Category Archives: Riemann’s Paper

Applying the Explicit Formula

It's quite some time since we arrived at Riemann's main result, the explicit formula

J(x)=\mathrm{Li}(x)-\sum_{\Im\varrho>0}\left(\mathrm{Li}(x^\varrho)+\mathrm{Li}(x^{1-\varrho})\right)+\int_x^\infty\frac{\mathrm{d}t}{t(t^2-1)\log t}-\log2,

where J(x) is the prime power counting function introduced even earlier. It's high time we applied this!

First, let's take a look at J(x) when calculating it exactly:

J(x) Continue reading Applying the Explicit Formula

Integral Madness

We've seen the calculus version

J(x)=\frac{1}{2\pi i}\int_{a-i\infty}^{a+i\infty}\log\zeta(s)x^s\frac{\mathrm{d}s}{s},

of the Euler product, and we know how to express \xi(s) as a product over its roots




High time we put everything together -- the reward will be the long expected explicit formula for counting primes! Continue reading Integral Madness

Counting Primes Functionally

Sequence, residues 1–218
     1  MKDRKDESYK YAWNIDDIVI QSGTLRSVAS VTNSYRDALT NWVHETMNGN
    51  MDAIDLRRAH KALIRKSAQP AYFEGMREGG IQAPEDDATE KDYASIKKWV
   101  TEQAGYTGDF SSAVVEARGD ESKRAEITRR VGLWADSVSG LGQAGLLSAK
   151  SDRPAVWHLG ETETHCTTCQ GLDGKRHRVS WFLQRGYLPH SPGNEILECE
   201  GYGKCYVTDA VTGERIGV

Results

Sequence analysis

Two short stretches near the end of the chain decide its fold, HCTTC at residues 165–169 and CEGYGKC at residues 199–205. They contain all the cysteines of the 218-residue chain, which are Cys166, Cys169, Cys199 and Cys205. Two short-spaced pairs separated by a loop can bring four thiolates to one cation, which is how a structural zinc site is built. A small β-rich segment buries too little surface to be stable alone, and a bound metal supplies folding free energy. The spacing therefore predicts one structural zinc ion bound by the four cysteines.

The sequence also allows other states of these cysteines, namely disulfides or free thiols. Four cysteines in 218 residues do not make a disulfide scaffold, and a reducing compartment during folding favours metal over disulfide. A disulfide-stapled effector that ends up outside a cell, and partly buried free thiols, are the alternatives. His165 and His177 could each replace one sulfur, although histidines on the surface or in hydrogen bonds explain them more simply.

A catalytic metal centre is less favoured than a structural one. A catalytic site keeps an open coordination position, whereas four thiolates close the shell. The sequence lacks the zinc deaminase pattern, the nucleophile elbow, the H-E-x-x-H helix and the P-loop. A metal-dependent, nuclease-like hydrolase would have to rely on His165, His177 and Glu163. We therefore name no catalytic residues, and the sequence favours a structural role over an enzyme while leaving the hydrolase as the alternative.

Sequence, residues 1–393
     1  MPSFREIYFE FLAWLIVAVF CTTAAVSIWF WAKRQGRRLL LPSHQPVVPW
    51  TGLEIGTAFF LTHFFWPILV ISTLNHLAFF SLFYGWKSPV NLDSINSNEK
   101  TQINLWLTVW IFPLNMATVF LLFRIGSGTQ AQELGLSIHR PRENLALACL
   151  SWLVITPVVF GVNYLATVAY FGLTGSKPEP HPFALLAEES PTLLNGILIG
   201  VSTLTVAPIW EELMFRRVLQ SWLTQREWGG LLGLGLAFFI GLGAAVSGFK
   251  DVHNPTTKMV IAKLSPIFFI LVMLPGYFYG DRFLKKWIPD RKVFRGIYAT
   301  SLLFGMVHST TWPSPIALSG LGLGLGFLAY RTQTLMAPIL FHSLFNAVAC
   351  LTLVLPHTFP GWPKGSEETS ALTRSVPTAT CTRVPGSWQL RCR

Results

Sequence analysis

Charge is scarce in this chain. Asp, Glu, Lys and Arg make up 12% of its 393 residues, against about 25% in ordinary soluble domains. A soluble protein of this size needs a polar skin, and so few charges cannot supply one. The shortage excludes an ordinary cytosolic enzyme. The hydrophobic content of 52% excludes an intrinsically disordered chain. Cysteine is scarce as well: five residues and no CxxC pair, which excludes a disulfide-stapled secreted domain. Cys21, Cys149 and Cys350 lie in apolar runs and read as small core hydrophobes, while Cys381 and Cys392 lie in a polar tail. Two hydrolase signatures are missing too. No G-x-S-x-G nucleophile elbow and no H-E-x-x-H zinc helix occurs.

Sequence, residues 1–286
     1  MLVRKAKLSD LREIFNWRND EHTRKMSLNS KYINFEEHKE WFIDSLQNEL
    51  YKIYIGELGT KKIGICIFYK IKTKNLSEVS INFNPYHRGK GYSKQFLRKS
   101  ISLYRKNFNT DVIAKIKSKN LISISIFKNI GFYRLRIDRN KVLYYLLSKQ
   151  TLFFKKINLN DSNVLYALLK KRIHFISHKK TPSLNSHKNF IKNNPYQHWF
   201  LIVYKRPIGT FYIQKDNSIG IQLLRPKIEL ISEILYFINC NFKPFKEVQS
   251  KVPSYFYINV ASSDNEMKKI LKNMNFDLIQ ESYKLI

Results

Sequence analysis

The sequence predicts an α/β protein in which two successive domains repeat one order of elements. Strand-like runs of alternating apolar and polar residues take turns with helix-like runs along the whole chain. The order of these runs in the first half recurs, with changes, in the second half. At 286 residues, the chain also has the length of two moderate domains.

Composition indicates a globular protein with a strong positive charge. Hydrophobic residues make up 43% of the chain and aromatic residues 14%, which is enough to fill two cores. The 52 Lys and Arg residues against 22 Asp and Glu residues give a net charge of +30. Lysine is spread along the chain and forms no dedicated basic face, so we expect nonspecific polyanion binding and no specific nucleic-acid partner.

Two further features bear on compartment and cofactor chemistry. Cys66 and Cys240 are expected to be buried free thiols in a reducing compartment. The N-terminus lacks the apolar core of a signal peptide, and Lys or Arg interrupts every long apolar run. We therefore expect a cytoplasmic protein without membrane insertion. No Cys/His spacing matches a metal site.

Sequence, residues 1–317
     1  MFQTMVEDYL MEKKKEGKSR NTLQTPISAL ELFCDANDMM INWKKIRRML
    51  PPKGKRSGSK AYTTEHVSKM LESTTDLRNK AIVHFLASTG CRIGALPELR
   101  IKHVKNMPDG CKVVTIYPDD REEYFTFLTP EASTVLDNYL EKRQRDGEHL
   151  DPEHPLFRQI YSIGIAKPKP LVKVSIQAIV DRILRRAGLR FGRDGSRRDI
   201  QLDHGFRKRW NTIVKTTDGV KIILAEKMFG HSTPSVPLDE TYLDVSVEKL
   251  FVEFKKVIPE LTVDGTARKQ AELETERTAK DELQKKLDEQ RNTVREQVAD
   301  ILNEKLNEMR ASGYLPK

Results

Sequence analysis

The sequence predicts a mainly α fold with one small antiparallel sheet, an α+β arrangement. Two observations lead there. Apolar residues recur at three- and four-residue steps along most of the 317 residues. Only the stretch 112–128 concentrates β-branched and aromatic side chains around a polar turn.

After all this playing with the \zeta-function it is time to return to the overall objective of this whole exercise: counting prime numbers. The idea behind analytic number theory is that primes are unpredictable on the small scale, but actually surprising regular on the large scale. This is why we'll look at certain functions that behave pretty erratically when we look at every single value, but become smooth and "easy" to calculate once we "zoom out" and consider the global properties, the so-called asymptotic. Continue reading Counting Primes Functionally

More symmetry and Another Product

We've seen that \zeta(s) satisfies the functional equation

\zeta(1-s)=2^{1-s}\pi^{-s}\cos(\pi s/2)\Pi(s-1)\zeta(s).

(Well, it still needs to be proved, but let's just assume it's correct for now.) The goal of this post is an even more symmetrical form that will yield the function \xi(s) which we can develop into an incredibly useful product expression.

On our wish list for \xi(s) we find three items:

  1. It's  an entire function, i.e., a function that's holomorphic everywhere in \mathbb{C} without any poles.
  2. It has zeros for all non-trivial zeros of the \zeta-function, and no others.
  3. It's perfectly symmetrical along the critical line, i.e., it satisfies \xi(1-s)=\xi(s).

Continue reading More symmetry and Another Product